Sanwar Ali comment:
The Coronavirus Pandemic is causing huge problems for billions of people around the World. Perhaps not surprisingly politicians are more concerned about helping citizens through the crisis than migrants who do not have the vote. Therefore, migrants around the World are less likely to receive financial assistance from Governments. However, many migrants are needed to support the healthcare system. It may turn out to be short sighted to ignore the needs of migrants.
The US senate has excluded thousands of tax-paying immigrants from access to a $2.2 trillion coronavirus relief fund. The Coronavirus Aid, Relief and Economic Security Act specifies that foreign nationals classified as ‘non-resident aliens’ will not be eligible for the $1,200 per adult and $500 per child benefit planned by Congress for this spring.
Immigrants without Social Security numbers will be cut off from the funds, which requires those eligible for relief to have filed their 2018 or 2019 taxes with a ‘valid identification number’, defined as a Social Security number.
The move is likely to exclude thousands of immigrants in the US from accessing the funds. The bill has been passed to provide one-time cash payments to low- and middle-income households, but will exclude illegal immigrants and children who are US citizens, but they have at least one parent in the country who is undocumented.
Mass layoffs across America, business closures and people being asked to remain indoors to limit the spread of COVID-19 is likely to hit people and the US economy hard, with the bill passed to ease the strain on families and the economy.
Decision to cut off immigrants from Coronavirus assistance a disgrace
The National Immigration Law Center (NILC) described the decision to pass the bill in the Senate as ‘disgraceful’. NILC Executive Director, Marielena Hincapié, said “How can the government justify cutting off so many from financial aid amid a public health crisis, which even the President has described as a ‘national’ emergency?”
Hincapié argued that the decision makes no sense as immigrants will ‘end up playing a key role in America’s recovery from this crisis.’
She said: “Immigrant workers and families who are paying taxes have been cut out from receiving a single dollar. Since no other relief package appears imminent, the stakes are high for millions of low-wage workers and immigrants, who also need economic support and access to health care.”
Bill blasted by Republican Representative
New York’s Republican representative, Alexandra Ocasio-Cortez, lashed out at the Senate on Twitter, saying: “Thanks to the GOP, these relief payments will come off the backs of tax-paying immigrants, who get nothing.”
Millions of undocumented immigrants in the US are without a Social Security number, despite contributing an estimated $13 billion in social security funds as of 2016.
Of the estimated 11 million undocumented immigrants in the US, 8 million reportedly work and pay taxes using an Individual Taxpayer Identification Number (ITIN). The ITIN was set up exclusively for people that do not have or are ineligible for a Social Security number, enabling them to pay tax.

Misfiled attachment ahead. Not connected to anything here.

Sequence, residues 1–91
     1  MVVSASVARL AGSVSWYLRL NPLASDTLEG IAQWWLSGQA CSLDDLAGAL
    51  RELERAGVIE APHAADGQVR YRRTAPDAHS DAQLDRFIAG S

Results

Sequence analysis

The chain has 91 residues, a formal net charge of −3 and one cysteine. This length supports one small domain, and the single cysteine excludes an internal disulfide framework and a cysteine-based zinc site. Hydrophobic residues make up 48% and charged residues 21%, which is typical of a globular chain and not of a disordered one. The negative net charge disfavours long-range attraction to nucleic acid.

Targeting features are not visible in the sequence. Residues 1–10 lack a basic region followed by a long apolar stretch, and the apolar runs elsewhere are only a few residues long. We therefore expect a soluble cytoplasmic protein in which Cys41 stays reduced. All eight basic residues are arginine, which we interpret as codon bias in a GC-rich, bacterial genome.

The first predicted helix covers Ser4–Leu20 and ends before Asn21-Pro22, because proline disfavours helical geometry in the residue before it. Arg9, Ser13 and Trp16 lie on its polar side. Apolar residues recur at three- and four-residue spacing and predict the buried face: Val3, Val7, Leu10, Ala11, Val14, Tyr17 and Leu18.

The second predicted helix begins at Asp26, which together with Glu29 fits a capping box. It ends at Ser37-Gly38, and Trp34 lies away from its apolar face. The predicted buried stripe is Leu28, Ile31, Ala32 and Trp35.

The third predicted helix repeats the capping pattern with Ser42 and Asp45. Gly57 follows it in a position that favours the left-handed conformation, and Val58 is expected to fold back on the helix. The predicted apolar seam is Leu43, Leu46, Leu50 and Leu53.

However, under the conditions of the bill passed in the Senate – known as the CARES Act – people with an ITIN will be unable to use it to verify their identity and claim aid.
The language used in the bill excluding non-resident aliens from receiving relief funds is a blow to immigrants hoping to access aid.
Immigrant advocates claim that the term ‘non-resident aliens’ has been purposely used because it’s a tax term, and not US immigration specific. The Inland Revenue Service (IRS) deems a non-resident alien to be a foreign national that does not have a green card and hasn’t passed the substantial presence test.
Substantial presence test
The substantial presence test is a complex process, which requires the total number of days that a foreign national was in the US over the past three years, to be recorded. Foreign nationals must be able to prove they were in the country for a minimum of 31 days of the current year, and at least 183 days over the past three years, including the current day.
However, not all the days count. Only one-third of the days from the previous year, prior to the current one, can count towards the overall total. Meanwhile, only one-sixth of the days count from the year before that. The calculation does allow immigrants to count each day they were present in the country in the current year as a full day, according to Law 360.
According to the IRS, immigrants who have spent a substantial amount of time traveling or outside the country for long periods in previous years, and the current one, fail the test and are taxed differently to US citizens and residents – typically a 30% flat rate.
Non-resident visa status
The IRS has been accused of assigning taxpayers with non-resident alien status for unjustifiable reasons, most notably, by deeming a foreign national to have a ‘closer connection’ to a country that’s not the United States.
With the term non-resident alien being classified as a tax term, it’s unknown how many immigrants actually come under this classification, but the bill is likely to impact thousands of tax payers.
The director of the New York Immigration Coalition, Steven Choi, said: “Many of the immigrants being excluded work in the health care field. The people who are on the front lines fighting back against this insidious COVID-19 pandemic are the very ones who are being excluded from relief.”
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